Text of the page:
The Fair Labor Standards Act and California’s wage and hour lawsuits set high standards for employers to compensate employees. Unless they claim an exemption, every California employer is required to pay minimum wage and overtime rates or face lawsuits filed by their employees.
California’s wage and hour law
The state’s employment laws require that employers pay minimum wage and overtime. The overtime rate must be one and one-half times the regular rate paid to the worker. An employee has to be compensated for working overtime without permission or for being forced to work against his or her will. If the employer benefits from the work, the employee is required to be paid.
Lawsuits and settlements
Some class-action lawsuits are filed in violation of the wage and hour law. The Del Taco restaurant chain settled a lawsuit for $50 million because it violated the rights of a nationwide list of employees who complained of unfair wages.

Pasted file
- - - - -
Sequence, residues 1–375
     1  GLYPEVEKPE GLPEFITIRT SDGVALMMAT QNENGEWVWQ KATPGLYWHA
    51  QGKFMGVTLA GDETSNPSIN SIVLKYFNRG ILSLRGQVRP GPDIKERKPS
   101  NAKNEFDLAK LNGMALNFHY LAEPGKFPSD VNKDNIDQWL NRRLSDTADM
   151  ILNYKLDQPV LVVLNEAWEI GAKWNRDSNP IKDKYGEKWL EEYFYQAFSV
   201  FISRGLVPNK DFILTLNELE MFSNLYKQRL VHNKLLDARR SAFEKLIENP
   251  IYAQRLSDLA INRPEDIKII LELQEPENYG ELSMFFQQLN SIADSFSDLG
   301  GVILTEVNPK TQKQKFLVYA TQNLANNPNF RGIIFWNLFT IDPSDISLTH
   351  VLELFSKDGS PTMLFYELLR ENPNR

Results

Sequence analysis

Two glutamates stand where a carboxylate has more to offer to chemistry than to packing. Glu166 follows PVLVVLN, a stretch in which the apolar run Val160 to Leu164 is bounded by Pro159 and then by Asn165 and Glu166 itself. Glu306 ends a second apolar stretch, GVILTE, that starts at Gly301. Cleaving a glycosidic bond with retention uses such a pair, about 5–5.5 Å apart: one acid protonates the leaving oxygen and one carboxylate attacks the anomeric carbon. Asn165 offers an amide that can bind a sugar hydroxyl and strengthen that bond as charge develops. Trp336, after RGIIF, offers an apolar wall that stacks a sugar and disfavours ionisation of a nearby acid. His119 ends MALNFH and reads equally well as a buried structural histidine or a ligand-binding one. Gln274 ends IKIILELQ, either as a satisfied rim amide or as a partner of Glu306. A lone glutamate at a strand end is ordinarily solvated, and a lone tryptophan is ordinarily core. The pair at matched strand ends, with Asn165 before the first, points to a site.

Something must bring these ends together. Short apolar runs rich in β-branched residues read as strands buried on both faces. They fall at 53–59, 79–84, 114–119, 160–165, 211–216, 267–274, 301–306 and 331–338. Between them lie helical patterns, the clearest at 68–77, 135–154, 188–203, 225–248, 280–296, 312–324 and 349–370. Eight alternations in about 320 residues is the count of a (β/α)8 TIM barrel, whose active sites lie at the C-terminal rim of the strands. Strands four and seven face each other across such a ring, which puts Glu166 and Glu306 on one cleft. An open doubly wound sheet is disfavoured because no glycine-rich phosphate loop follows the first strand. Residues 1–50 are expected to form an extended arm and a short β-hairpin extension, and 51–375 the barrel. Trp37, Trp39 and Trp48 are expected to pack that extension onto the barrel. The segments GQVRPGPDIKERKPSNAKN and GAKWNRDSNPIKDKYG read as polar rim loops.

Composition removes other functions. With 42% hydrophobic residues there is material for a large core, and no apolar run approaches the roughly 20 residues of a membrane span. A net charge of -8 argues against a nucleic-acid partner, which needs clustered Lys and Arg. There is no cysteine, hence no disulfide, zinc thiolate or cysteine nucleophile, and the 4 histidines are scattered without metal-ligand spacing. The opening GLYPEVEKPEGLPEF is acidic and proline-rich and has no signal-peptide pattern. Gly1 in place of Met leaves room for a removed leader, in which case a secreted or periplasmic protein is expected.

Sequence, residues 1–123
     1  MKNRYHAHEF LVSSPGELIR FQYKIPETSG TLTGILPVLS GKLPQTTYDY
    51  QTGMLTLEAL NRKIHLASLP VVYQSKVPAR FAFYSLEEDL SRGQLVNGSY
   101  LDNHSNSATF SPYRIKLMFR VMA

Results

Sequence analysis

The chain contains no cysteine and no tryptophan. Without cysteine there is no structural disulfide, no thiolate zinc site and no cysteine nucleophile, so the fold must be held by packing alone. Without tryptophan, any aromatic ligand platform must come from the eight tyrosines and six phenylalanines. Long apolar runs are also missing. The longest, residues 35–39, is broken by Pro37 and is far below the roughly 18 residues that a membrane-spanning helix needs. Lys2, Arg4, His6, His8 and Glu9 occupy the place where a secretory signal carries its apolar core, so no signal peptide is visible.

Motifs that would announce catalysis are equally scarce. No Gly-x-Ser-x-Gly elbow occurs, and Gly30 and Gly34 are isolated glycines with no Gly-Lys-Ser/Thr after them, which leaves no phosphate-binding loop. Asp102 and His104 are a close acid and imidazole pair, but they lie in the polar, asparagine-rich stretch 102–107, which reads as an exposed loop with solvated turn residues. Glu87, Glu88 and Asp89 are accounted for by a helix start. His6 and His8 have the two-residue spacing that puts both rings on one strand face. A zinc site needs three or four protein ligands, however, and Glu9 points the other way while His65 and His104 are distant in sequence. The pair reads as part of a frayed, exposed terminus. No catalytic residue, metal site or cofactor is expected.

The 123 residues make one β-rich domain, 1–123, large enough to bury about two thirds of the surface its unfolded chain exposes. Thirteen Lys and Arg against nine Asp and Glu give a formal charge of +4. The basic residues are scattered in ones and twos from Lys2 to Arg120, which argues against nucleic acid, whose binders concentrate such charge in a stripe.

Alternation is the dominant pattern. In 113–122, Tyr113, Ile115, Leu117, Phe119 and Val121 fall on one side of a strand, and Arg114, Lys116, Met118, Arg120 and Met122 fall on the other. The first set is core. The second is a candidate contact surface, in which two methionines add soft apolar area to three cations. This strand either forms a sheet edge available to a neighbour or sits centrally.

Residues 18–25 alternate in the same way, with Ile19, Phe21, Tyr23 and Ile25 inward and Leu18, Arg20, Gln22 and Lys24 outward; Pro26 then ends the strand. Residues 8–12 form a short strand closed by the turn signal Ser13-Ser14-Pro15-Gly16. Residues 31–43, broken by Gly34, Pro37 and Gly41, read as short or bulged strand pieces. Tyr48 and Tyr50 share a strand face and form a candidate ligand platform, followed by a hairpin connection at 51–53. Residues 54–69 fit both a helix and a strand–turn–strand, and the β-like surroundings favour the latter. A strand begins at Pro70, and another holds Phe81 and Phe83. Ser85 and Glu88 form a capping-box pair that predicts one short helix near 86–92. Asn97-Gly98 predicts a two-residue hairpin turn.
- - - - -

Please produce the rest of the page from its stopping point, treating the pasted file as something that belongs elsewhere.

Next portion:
Class-action lawsuits are recommended to challenge corporations that exceed millions of dollars in revenue. Many franchise owners violate their state’s wage and hour laws and remain undetected for years. A lawsuit, particularly a large-scale claim, ensures that hundreds up to thousands of workers are reimbursed for their financial losses.
Employers are required to compensate employees based on minimum wage and overtime laws. The minimum compensation rates are determined by the state and not the employer. Since employees who suspect wage theft are protected under state and federal laws, the number of lawsuits has increased over time. In several cases, thousands of workers whose rights have been violated have convened to form class-action lawsuits and settlements.